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Here Comes the Sun

Key considerations for landowners considering solar leases.

By Tiffany Dowell Lashmet

Lumley Driver

For Texas landowners who have been contacted by companies seeking to lease agricultural land for solar projects, there is surprisingly little information available to assist with weighing the pros and cons of entering into such an agreement. This article outlines some of the key considerations when negotiating a lease. As always, landowners should consult an experienced attorney to review any lease agreement before it is signed.


To which estate does the sun belong? Interestingly, the Texas Supreme Court has never ruled on whether the sun is part of the surface or mineral estate. Most legal scholars assume that the court would hold that solar rights belong to the surface owner, making that person the one who has the right to enter into and negotiate solar lease agreements. Of course, this can be modified by agreement between the parties. For example, assume that Adam owns both the surface and mineral rights of a piece of land. Adam enters into an agreement to sell the land to Beth, but he reserves solar leasing rights. If that happened, even though Beth would own the surface of the land, Adam, rather than Beth, would own the solar rights.


Rights of mineral owners.
Because the mineral estate is dominant in Texas, the mineral owner has the right to use as much of the surface estate as is reasonably necessary to produce oil and gas. This includes building drill pads, preparing roads, installing pipelines, and drilling injection wells. The Texas Supreme Court recently held the same with respect to severed ground water estates. This poses a major concern for solar lessees looking to put in a solar facility on the same land. Solar companies will likely carefully analyze the status of the mineral and groundwater estates including how many ownership interests exist and whether a lease agreement is currently in place. Some solar companies refuse to enter a lease unless the surface owner owns or controls the leasing of all minerals as well. Landowners should take care not to agree to serve as a type of “middle man” or negotiator between solar and mineral lessees, particularly if they have no relationship with the mineral owners.


Solar leases are usually not short in duration.
According to a Texas attorney who frequently represents solar companies in lease agreement negotiations, these agreements typically last between 20 and 30 years. They tie up property for a significant period of time, so it is important to carefully evaluate the terms.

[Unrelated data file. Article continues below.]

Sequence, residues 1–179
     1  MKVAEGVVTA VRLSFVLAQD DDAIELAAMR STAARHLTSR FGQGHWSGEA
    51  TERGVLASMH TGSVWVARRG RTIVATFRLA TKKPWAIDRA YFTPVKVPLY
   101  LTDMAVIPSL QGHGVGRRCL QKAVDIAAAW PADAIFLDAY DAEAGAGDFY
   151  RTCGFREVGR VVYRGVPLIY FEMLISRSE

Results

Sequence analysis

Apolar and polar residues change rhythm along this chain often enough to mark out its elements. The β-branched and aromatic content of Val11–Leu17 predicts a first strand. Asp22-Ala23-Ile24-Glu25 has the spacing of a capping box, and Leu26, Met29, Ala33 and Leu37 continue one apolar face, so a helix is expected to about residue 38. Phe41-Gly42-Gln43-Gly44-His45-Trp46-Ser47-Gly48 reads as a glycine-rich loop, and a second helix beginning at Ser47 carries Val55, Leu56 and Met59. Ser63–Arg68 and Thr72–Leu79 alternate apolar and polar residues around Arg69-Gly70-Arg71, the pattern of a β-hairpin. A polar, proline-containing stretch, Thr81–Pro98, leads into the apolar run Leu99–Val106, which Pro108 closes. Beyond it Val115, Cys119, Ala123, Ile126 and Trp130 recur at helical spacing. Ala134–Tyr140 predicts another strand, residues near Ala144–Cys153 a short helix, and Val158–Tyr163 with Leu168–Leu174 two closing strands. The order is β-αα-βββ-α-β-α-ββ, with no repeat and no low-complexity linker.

Royalties are not common in solar leases.
Unlike oil and gas lease agreements, it is uncommon for a solar lease agreement to set forth a royalty as the payment method. Instead, annual payment terms are usually defined in dollars per acre. Commonly, the price offered is lower in the development phase and higher during the operations phase. This makes sense because there should be income generated during the operations period, while the same is not true during the development phase. Because rental rates are usually lower in the development phase, a landowner has reason to want that phase to be as short as possible in the lease agreement. Lease rates, not surprisingly, vary greatly based on a number of factors, chief among those being the value of the land and proximity to the grid.


Solar leases will likely prevent any other use of the property.
All of us in Texas have likely driven by a piece of property and seen a tractor farming around oil pump jacks or cattle grazing beneath wind turbines. Because of how oil, gas, and wind production occurs, it is quite possible for the surface owner to make agricultural uses of the property even during the time while the oil, gas, or wind lease exists. The same is often not true for solar leases. Often, a solar farm requires numerous continuously placed panels that would prevent other uses of the surface of the land. Landowners evaluating solar leases should usually assume the lease payment will be the only income for the property and negotiate accordingly.


A solar project could impact special tax use valuation eligibility.
In Texas, many rural landowners take advantage of the special tax valuation available for agriculture or open space land. If a landowner meets the criteria, the special use valuation allows the property taxes to be calculated based on a percentage of its productive capacity versus the fair market value of the land, which is usually much greater. A solar project could impact the ability for property to qualify for this special use valuation. If that is the case, a host of issues arise, including a rollback period where the landowner may owe the difference between the normal tax value and the modified value paid. Importantly, even after the solar project has left the land, it could be years before the property can qualify for agricultural or open space valuation again.

Landowners should visit with their local appraisal district to determine how solar projects are treated with regard to special use valuation. It is important that landowners include a term in the solar lease agreement whereby the solar company covers any additional real property taxes owed as a result of the project and that the company pays for any personal property taxes on the solar equipment.TBJ


This article has been edited and reprinted with permission of the author..

Shana Stein

TIFFANY DOWELL LASHMET is an assistant professor and extension agricultural law specialist with Texas A&M Agrilife Extension Service. She holds a bachelor’s degree in agribusiness farm and ranch management from Oklahoma State University and a J.D. from the University of New Mexico School of Law. She maintains the Texas Agricultural Law Blog at agrilife.org/texasaglaw.

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